The Wallis Inquiry recommended against statutory compensation schemes in the financial sector, including deposit insurance. A report released by Richard St John in 2012 also concluded that it would be inappropriate and possibly counterproductive to introduce a last-resort compensation scheme.66 The report concluded that a better measure would be to reduce the incidence of misconduct and loss in the first place through improved regulator surveillance and stronger PI insurance requirements. The main downside of a statutory compensation scheme is that the better participants in the industry are likely to subsidise other participants, who do not have high standards of compliance and conduct.

Another option, which could proactively reduce loss through misconduct, would be to increase ASIC’s resourcing and capability for proactive surveillance of its regulated population. This is discussed in further detail in the Regulatory architecture chapter.

The Inquiry seeks further information on the following area:

Given the limitations of professional indemnity insurance, what options, if any, exist for addressing the issue of consumer loss?

Product rationalisation of ‘legacy products’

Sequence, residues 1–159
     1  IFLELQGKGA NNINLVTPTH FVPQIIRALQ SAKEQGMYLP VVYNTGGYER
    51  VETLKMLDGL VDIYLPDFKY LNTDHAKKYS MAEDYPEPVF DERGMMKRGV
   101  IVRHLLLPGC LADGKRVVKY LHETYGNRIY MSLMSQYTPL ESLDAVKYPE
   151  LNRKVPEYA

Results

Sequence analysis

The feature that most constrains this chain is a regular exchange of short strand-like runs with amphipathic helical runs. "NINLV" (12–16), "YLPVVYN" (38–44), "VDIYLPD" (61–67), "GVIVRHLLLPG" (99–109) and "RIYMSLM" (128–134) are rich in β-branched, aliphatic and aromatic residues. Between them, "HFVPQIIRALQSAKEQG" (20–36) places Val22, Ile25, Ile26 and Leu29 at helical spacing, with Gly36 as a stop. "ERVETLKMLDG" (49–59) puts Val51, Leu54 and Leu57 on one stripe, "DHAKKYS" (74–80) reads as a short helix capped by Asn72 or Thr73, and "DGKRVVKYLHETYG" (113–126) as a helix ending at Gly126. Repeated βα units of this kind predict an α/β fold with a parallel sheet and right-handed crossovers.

A number of submissions raise concerns about the operational risks and costs associated with the ongoing operation of ‘legacy products’. These are often managed investment schemes or life insurance products that have become outdated and closed as a result of commercial and legislative changes.

In 2009, industry estimated that up to $220 billion of funds under management may be in legacy products, adding an industry-wide operational cost of between $120 million and $350 million per year.67 These costs represent an inefficiency drag on the funds management sector and, ultimately, a cost passed on to consumers.

Submissions are most concerned about the lack of a practical, cost-effective and consistent product rationalisation regulatory framework to enable the conversion or consolidation of legacy products into products with equivalent features and benefits. This issue creates a trade-off that needs to be balanced between the interests of consumers who hold legacy products and product issuers.

Policy options for consultation

Government consulted on proposals for a new product rationalisation framework in 2009.68 The paper also discussed proposals for designing relevant taxation relief where assets are transferred under product rationalisation. These proposals have not been acted on to date. Thus, the operational risks and costs to consumers relating to legacy product operation remain today. The Inquiry considers that taxation relief issues related to product rationalisation should be considered in the Tax White Paper process.

The Inquiry would value views on the costs, benefits and trade-offs of the following policy options or other alternatives:

  • No change to current arrangements.
  • Government to renew consideration of 2009 proposals on product rationalisation of legacy products.

The Inquiry seeks further information on the following areas:

  • Are there elements of the consumer framework not covered in this chapter that require consideration?
  • In addition to the current regulatory framework, what role can industry self-regulation play in improving consumer outcomes generally?